• The NHL's Florida Panthers made the Stanley Cup Final in their third season during the 1995-96 season but lost to the Colorado Avalanche in four games. Colorado, formerly the Quebec Nordiques, had just relocated and rebranded before the season, but that was a fully formed organization and not an expansion team.
  • The early NFL had a couple of near misses. The Portsmouth Spartans reached the NFL championship game in their second year of existence in 1931. In 1924, the Pottsville Maroons reached the NFL championship game in their first season as one of four new teams to the 20-team NFL.
  • The Atlanta Dream of the WNBA reached the league finals in its third season, 2010, but lost to Seattle, 3-0.

Then there are a host of technicalities and other tidbits worth noting:

  • One could argue the first league championships are won by "expansion" teams. The Houston Oilers won the first two AFL championships in 1960 and 1961, for example, in the first years of the franchise. The Philadelphia Warriors won the 1946-47 NBA (or Basketball Association of America, if you prefer) championship in the first year of the organization and league, then made the finals in the second year.
  • The Boston Americans, founded in 1901 as one of the eight charter members of the American League (and later became the Boston Red Sox) won the first World Series in 1903, in the team's third year of existence.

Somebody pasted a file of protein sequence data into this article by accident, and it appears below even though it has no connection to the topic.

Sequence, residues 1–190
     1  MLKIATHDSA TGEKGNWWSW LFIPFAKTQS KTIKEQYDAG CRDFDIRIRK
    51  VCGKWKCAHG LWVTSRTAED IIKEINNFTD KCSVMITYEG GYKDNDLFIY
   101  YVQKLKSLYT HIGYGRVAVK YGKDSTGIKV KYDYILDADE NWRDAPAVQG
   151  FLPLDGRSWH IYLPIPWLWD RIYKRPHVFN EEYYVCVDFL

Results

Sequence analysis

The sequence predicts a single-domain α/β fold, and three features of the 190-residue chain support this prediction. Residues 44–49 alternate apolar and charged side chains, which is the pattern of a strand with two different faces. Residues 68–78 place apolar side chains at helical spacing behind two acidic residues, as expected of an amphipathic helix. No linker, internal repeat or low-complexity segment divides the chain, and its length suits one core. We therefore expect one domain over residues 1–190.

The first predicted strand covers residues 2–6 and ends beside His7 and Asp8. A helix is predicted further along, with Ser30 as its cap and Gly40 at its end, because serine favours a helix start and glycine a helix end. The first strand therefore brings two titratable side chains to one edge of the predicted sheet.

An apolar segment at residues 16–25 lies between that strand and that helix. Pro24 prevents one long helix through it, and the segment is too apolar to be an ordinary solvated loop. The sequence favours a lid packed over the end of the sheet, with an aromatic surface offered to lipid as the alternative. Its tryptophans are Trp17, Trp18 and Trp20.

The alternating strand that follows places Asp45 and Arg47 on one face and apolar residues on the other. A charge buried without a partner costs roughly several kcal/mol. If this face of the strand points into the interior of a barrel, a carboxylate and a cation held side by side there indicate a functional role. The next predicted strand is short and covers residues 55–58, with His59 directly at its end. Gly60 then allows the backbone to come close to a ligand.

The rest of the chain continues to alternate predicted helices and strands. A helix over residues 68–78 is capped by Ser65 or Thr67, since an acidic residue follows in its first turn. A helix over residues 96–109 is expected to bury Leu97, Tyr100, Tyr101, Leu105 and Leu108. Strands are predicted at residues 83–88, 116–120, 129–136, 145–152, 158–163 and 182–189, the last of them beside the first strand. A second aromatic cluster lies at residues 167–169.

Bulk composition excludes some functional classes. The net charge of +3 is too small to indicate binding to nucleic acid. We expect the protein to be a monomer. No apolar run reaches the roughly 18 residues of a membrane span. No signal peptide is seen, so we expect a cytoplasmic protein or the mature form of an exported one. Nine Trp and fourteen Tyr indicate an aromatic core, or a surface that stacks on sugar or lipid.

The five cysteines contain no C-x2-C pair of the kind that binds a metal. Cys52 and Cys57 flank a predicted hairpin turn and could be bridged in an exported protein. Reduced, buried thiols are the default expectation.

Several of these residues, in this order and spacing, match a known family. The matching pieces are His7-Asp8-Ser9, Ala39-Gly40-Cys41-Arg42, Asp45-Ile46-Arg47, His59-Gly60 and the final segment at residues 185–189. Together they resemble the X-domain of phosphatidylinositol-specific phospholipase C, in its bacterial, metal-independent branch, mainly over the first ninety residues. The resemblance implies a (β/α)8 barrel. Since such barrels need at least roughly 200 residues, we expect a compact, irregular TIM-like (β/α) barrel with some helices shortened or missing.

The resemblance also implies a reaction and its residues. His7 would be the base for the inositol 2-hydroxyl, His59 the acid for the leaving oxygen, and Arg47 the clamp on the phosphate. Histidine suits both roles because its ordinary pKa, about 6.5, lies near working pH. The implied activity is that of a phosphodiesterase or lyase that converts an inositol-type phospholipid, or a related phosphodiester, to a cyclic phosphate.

• In baseball, there are some other examples from what many fans won't consider the modern era, such as the Providence Grays, who won the 1879 National League one year after founding.
  • The 1947-48 Baltimore Bullets won the title in their first year with the Basketball Association of America (what became the NBA) but had relocated from the American Basketball League after three seasons.
  • Likewise, the Rochester Royals won the 1950-51 NBA title in their third season but spent three years in the NBL beforehand.
  • The Cleveland Browns won the 1950 NFL championship in their first year in the league, but they had been part of the defunct All-American Football Conference, which played its first season in 1946. Not only did Cleveland win that first title, it finished as runner-up the subsequent three years and won the following two titles in 1954 and 1955.
  • The Cleveland Rams won the NFL title in 1945, one year after rejoining the league. The squad did not compete in 1943 because many players and team personnel were drafted into the military. The franchise moved to Los Angeles immediately after winning the title. 
  • The NFL's expansion teams haven't enjoyed anywhere near the success of other leagues. Of the six expansion teams added since the AFL-NFL merger, Tampa Bay was the fastest to win a Super Bowl, needing 27 years. The Carolina Panthers reached the Super Bowl in their ninth season.
  • The Tennessee Titans reached the Super Bowl in 1999, two seasons after relocating from Houston (and their first season with the new name after changing it from Tennessee Oilers). But that's not an "expansion" team. The Los Angeles Raiders also won the Super Bowl one year after leaving Oakland.
  • The Kansas City Chiefs won Super Bowl IV in the first year of the AFL-NFL merger under the NFL umbrella, though the Chiefs were a longstanding franchise in the AFL, and the Super Bowl layout had already existed for three seasons. Another AFL team, the Miami Dolphins, won the third and fourth post-merger Super Bowls (Super Bowls VII and VIII).

UPDATE: This story has been updated to add instances of Major League Soccer expansion teams.

JR Radcliffe can be reached at (262) 361-9141 or Follow him on Twitter at @JRRadcliffe.